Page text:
FERGUS FALLS, Minn. — Some Otter Tail County lakes popular among anglers are among those proposed to have reduced sunfish limits beginning in 2022.

North and South Lida (near Pelican Rapids) and Big Pine (near Perham) will have sunfish limits reduced to 10 under the Minnesota Department of Natural Resources' Quality Bluegill Initiative proposal. They are among approximately 50 lakes around the state that could have lower bag limits that would go into effect in March 2022.

Under the proposal, sunfish daily bag limits would be reduced from the statewide limit of 20 sunfish to five sunfish on some lakes and 10 sunfish on others. Some lakes also have similar proposals for lower crappie daily bag limits.

Anglers around encouraged to comment through an online survey that will be open through Oct. 31.

Other lakes in Otter Tail and Becker counties that could see reduced limits under the proposal include Crystal, Island, Turtle and Venstrom, which is adjacent to South Lida. All would have daily limits reduced to 10 from 20.

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The 50 lakes are added to nearly 100 that were included in the first phase of the Quality Bluegill Initiative, which went into effect in March 2021. Many of those lakes had their sunfish limit reduced to five, in an effort to increase quality fishing.

The reduction of sunfish limits to 10 is meant to maintain quality fishing.

The DNR began working on QBI several years ago, in an effort to improve the quality of sunfish angling in lakes capable of growing bigger fish. Anglers, lake association members, resort owners and other stakeholders told the DNR they were willing to sacrifice numbers of fish for better quality fish. So DNR biologists identified lakes that have the biological capacity to grow bigger sunfish and targeted those lakes.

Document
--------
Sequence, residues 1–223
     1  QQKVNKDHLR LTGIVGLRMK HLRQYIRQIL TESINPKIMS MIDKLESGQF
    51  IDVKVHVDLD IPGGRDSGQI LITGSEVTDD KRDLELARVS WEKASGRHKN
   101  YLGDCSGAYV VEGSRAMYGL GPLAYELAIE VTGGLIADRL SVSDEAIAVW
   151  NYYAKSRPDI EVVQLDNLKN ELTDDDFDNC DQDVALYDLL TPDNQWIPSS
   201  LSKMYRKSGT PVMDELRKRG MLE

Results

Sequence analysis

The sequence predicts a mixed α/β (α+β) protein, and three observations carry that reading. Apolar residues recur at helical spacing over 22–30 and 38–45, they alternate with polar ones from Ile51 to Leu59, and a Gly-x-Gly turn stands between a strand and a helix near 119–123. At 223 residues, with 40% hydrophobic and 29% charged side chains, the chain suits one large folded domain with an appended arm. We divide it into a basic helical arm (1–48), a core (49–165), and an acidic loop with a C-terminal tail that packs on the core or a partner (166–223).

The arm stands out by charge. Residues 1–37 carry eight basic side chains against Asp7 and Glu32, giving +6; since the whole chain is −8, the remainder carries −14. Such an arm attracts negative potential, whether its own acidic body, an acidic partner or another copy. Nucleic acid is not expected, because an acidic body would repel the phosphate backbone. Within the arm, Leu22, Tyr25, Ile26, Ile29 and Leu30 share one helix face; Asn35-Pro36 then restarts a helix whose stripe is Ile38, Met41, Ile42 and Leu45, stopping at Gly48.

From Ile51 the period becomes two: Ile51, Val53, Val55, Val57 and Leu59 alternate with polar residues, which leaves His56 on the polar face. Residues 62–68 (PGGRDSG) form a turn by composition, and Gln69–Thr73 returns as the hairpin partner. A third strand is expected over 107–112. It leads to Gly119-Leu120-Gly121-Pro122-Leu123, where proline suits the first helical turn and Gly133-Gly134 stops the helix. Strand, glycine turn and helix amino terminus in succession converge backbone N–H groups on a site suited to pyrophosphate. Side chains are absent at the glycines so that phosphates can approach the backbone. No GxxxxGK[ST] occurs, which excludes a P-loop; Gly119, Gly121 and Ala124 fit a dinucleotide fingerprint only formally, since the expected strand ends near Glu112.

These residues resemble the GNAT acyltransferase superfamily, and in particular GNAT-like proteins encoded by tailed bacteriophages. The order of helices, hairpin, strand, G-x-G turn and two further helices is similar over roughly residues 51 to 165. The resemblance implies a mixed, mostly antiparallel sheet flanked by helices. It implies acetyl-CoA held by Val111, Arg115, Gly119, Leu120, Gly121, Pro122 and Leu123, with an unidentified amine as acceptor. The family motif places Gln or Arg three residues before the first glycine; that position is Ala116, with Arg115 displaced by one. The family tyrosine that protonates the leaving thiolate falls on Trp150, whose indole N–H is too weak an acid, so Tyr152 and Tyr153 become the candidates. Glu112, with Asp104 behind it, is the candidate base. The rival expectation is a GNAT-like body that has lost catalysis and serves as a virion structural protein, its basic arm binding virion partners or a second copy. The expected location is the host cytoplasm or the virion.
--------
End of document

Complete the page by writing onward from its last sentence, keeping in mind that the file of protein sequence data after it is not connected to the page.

Biologists say there has been a discernible shift of attitudes in recent years. Where lake-property owners and resorters once pushed back against reduced bag limits, they now support them for better quality panfishing.

In a press release, the DNR also said anglers "have voiced concern about the added pressure on fisheries as a result of electronic fish finders and other technological advancements, including rapid social media communication between anglers when fish are biting."

"These new regulations would continue our response to angler concerns about the declining sizes of some of our state’s most prized and frequently caught fish," Grand Rapids area fisheries supervisor Dave Weitzel said in the release. "We’re aiming to protect and improve sunfish sizes on select lakes with the biological potential to produce large sunfish."

You can post an online comment by going to the DNR website.

The statewide list can be seen at the DNR website: